Nine months ago this week I was recovering from what seemed to be a mild case of the newly named Covid-19. What have we learned since then, what we’ve failed to learn, and what does the end game of this pandemic hold in store?
What we learned
Exponential growth is not intuitive. The 70 national daily cases looked troublesome back on March 9th. Today, 70 cases in a single city would be hailed as a miracle of governance.
Three weeks later, at the end of March, 40,000 total cases in a country looked catastrophic. That is now a fraction of the daily cases in the U.S., Europe, and India:
Unfortunately, a bigger learning is that a significant percentage of the population still doesn’t’ understand how diseases spread. With that, over 10,000 people per day, more than ever before.
What we failed to learn
No country has been able to have a fully functioning economy while their local epidemic is spreading and the world as a whole can not return to a functioning global economy while the pandemic continues growing. The summer-long rhetoric of “opening up” led to a second and third surge of cases and the current tragic level of losses.
The first set of Lockdowns worked. If the U.S. and Europe had followed South Korea and New Zealand with even stricter lockdowns, those regions would not be suffering now.
Personally, I’m aghast that the U.S. never shut down all domestic flights. Doing that back in March would have immensely slowed down the spread of the virus from the early outbreak cities into the smaller cities.
On the topic of masks, it was already clear back in March that masks slow down the transmission rate. How masks became a debatable topic is a lesson in the failure of leadership, both here in the U.S. and across Europe.
The last nine months of loss and suffering all centers on a lack of leadership and a failure to take this disease seriously. In hindsight, we should have shut down everything but the hospitals and supermarkets back in March, everywhere.
If we get this right, Covid-19 will be gone forever. If we get this wrong, we’ll need an annual Covid vaccine as the novel coronavirus becomes the new annual flu pandemic.
Then only once we were back to dozens of new cases nationally in a day talk about opening up, with a plan to shut down again and again in each city every time an outbreak occurred. Instead the talk of opening up began the day we hit the peak number of cases in April.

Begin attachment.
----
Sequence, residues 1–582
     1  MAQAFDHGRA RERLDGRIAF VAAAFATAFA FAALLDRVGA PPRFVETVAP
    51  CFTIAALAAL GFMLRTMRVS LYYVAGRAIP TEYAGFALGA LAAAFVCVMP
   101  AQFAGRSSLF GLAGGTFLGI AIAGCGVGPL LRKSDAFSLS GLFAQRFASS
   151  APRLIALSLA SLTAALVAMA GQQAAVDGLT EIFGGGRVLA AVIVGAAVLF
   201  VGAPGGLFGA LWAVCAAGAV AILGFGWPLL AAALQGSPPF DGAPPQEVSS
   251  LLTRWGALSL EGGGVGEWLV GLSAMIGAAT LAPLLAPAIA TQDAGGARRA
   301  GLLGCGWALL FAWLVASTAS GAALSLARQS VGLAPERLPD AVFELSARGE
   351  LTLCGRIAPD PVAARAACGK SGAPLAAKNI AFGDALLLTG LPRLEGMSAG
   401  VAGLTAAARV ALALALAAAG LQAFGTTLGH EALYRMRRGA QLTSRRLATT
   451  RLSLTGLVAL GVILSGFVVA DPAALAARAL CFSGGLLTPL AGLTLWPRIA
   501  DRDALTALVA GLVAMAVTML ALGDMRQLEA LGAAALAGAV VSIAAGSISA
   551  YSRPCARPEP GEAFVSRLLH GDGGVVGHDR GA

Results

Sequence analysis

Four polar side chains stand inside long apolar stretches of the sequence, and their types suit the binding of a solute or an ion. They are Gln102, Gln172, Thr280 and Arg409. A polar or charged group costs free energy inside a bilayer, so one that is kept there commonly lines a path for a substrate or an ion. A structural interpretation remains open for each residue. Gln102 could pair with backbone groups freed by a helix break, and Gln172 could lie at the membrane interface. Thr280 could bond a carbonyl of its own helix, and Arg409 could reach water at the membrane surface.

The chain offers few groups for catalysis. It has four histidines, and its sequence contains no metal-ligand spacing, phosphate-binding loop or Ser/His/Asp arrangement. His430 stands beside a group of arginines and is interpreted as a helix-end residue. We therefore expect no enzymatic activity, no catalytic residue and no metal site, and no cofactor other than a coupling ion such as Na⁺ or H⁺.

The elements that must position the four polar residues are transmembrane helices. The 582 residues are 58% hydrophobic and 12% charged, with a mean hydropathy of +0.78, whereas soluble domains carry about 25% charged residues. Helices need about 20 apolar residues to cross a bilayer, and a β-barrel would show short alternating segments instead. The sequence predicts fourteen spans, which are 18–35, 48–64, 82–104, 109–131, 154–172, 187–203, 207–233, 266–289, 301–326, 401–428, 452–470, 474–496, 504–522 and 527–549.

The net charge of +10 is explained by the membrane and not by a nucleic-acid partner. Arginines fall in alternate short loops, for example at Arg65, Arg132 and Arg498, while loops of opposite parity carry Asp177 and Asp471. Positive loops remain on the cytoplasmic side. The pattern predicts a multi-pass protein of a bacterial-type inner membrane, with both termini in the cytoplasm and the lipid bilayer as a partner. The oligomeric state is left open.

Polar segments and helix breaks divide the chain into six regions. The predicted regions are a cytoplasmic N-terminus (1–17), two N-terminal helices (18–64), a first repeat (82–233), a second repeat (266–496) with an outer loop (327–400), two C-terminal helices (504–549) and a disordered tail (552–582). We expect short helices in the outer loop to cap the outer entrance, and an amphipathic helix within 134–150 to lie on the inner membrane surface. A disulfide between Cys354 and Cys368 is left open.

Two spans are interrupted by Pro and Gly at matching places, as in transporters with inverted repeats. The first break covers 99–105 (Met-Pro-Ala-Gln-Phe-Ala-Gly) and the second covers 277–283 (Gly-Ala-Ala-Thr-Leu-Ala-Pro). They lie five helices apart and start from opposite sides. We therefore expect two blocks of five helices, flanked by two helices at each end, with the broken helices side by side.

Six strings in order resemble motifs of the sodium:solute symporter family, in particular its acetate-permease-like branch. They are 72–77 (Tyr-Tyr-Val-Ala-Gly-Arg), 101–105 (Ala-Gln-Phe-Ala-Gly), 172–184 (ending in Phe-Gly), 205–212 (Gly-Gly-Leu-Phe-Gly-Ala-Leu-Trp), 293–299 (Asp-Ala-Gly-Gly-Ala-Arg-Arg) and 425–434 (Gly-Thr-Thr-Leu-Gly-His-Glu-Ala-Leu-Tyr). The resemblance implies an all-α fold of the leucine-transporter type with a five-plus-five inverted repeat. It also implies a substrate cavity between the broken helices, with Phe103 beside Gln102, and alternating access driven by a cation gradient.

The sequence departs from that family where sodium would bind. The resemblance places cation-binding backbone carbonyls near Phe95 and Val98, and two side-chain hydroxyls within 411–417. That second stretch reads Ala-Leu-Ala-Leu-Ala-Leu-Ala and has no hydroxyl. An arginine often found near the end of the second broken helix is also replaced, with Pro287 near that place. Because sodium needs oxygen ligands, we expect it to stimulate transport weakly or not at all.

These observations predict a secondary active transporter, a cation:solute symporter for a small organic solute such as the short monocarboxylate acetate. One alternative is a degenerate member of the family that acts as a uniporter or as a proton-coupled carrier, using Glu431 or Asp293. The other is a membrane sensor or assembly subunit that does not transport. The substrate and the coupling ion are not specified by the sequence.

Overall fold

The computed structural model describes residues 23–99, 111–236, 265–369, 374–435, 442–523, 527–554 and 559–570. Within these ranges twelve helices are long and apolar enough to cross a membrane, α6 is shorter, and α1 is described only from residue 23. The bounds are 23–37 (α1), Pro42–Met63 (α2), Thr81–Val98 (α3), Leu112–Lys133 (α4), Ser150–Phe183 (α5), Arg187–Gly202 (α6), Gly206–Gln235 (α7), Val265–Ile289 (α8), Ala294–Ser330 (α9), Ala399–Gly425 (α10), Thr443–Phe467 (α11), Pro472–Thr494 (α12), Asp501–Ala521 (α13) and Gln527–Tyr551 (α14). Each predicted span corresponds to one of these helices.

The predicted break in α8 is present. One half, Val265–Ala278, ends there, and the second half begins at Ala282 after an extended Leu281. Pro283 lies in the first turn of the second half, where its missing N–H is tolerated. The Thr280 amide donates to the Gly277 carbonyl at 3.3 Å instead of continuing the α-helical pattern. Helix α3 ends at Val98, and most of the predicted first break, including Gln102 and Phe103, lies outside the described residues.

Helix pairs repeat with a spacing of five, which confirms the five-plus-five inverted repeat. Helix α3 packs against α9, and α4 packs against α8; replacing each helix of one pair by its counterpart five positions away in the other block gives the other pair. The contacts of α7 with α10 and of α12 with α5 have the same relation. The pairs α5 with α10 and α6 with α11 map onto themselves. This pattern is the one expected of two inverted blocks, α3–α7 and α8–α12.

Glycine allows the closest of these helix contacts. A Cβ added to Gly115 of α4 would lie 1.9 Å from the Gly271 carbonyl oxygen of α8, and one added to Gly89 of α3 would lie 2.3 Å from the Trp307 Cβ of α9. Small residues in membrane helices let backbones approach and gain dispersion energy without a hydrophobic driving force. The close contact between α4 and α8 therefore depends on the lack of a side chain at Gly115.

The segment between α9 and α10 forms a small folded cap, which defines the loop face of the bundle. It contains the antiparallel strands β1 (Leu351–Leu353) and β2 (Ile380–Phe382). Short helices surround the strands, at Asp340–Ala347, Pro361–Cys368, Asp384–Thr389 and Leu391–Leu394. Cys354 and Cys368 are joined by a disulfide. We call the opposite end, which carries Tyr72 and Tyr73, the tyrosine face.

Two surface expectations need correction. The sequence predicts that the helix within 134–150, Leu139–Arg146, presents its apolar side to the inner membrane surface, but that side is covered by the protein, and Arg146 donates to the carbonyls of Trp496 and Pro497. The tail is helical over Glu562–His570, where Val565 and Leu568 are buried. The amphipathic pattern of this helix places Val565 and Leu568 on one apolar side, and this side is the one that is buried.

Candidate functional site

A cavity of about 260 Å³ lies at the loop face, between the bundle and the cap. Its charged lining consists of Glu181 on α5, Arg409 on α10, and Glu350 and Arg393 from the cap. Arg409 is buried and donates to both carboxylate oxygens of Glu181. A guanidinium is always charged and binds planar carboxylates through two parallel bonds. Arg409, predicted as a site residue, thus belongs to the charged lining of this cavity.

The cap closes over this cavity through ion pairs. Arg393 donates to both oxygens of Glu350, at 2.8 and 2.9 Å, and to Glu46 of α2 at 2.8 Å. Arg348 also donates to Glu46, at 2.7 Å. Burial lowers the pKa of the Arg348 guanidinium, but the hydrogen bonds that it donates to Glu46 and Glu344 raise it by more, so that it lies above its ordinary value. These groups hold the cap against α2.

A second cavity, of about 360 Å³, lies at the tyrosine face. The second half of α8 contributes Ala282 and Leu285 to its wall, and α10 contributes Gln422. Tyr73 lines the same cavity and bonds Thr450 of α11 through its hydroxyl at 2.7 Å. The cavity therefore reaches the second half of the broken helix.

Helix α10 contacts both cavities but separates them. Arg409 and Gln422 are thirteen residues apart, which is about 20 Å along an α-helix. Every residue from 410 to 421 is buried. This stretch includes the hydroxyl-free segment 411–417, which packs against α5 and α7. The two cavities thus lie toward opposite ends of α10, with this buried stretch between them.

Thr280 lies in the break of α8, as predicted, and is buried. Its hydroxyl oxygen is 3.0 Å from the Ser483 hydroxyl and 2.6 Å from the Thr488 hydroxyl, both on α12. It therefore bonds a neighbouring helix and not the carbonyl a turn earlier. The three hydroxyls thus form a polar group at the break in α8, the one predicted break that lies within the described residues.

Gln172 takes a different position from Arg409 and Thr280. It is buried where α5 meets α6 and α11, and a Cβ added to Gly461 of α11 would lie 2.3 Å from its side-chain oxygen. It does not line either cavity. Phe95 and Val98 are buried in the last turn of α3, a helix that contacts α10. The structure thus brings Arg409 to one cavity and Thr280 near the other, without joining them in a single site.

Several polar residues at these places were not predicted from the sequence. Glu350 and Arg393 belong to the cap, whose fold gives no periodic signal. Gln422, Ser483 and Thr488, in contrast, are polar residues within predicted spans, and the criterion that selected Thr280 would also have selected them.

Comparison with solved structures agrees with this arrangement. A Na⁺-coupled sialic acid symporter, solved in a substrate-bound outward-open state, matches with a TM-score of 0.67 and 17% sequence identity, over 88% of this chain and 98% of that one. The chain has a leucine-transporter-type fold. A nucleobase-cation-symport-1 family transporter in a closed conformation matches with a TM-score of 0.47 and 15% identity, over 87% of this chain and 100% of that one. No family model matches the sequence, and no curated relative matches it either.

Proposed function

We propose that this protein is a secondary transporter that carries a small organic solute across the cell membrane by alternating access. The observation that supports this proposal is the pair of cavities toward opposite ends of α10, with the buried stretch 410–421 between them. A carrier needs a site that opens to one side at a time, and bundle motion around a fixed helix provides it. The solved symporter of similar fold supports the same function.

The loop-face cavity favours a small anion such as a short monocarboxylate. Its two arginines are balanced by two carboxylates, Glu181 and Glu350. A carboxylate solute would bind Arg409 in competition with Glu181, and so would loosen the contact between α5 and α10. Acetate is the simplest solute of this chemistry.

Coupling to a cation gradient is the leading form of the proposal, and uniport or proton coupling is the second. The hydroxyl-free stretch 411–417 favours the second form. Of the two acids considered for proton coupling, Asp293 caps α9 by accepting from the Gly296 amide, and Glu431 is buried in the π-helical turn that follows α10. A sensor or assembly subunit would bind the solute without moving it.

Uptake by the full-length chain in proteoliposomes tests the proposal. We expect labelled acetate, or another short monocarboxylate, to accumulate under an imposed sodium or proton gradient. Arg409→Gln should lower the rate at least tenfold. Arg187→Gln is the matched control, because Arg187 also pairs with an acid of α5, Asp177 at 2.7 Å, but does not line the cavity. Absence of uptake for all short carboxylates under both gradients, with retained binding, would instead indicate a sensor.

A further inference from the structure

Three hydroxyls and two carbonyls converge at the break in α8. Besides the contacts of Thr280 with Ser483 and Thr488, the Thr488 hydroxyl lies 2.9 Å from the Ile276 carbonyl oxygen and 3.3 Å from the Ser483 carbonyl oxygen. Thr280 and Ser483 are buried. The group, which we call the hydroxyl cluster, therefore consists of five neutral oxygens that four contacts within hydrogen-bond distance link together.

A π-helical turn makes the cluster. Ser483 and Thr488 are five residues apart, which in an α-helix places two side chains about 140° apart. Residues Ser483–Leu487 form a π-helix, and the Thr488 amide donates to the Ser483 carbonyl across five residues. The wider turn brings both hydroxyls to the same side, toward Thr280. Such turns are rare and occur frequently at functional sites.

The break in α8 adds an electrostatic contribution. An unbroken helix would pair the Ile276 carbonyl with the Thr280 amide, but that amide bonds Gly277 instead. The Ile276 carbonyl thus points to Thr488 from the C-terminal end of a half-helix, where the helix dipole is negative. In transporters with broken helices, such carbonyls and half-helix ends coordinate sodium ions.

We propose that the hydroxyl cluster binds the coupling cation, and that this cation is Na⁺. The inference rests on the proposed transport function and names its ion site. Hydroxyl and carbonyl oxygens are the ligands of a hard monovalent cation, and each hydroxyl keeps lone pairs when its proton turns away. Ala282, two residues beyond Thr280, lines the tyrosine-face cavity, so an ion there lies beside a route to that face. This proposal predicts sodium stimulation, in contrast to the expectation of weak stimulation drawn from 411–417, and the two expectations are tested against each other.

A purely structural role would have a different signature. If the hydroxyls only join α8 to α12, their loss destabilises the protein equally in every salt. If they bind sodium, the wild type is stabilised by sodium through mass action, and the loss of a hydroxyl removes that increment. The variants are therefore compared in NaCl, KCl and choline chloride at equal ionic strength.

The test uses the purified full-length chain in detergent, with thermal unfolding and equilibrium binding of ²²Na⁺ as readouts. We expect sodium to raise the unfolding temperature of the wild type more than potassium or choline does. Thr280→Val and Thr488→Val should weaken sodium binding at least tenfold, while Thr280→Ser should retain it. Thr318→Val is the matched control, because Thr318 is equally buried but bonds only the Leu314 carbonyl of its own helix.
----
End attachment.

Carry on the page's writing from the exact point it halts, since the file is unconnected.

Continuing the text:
Treating exponential growth as reality would have saved over 1 million lives globally and tens of millions cases that have caused long-term health issues. This strategy was known in March, posted as The Hammer and the Dance, and then ignored by government leaders and the media.
What comes next?
We can’t go back and fix the mistakes, so it’s time to look forward and avoid the next mistakes.
Given the latest surge we clearly need to repeat the lockdowns. Across teh whole U.S., and this time that includes domestic air travel. Yes, lockdowns are not fun, but the alternative is continued exponential growth, making 10,000 deaths per day look as tiny as the 70 cases per day from back in March.
The next step after that is the rollout of the vaccines. The fact that the vaccines work, and have completed testing in under a year is science fiction made real. The fact that two vaccines tested over 90% efficacy is truly amazing. That said, with the wrong leadership the vaccine rollout can lead to another half million deaths.
What the populace needs to understand is that the day you get your vaccine shot, you are not immune. Nor the day after. Nor after one week. The 90% immunity level comes only weeks after the second shot, and the second shot comes weeks after the first.
In this vaccine end game we thus get one last time chance to apply our learnings of exponential growth, and this time to get it right.
If there were 14 billion vaccine doses available in one day (which they isn’t and won’t be), the ideal rollout would be one last six-week-long lockdown. That way the disease stops spreading while everyone gets two doses of vaccine.
Alas, the vaccine rollout won’t be that simple. It will take at least six months to distribute billions of vaccines, and likely all of 2021 before every country receives enough vaccines to distribute to all their citizens.
This Bloomberg article explains the state of the vaccines, how many doses each company expects to produce, and where those doses will be distributed. Globally this will be a slow, messy, and complicated process.
Given the ignorance demonstrated for the last nine months, I expect more of the same leading to a tragic fourth wave of infection that will most likely peak higher than we’ve seen so far. That will lead the most ignorant people to believe the vaccine doesn’t work, adding to the anti-vax crowd and potentially leading Covid-19 to Covid-21, Covid-22, Covid-23, etc., making the novel coronavirus an annual pandemic like influenza rather than a one-and-done pandemic like SARS.
Be smart. Stay safe. Get your vaccine as soon as you can, keep wearing your mask, and keep social distancing for a full two months after your first shot.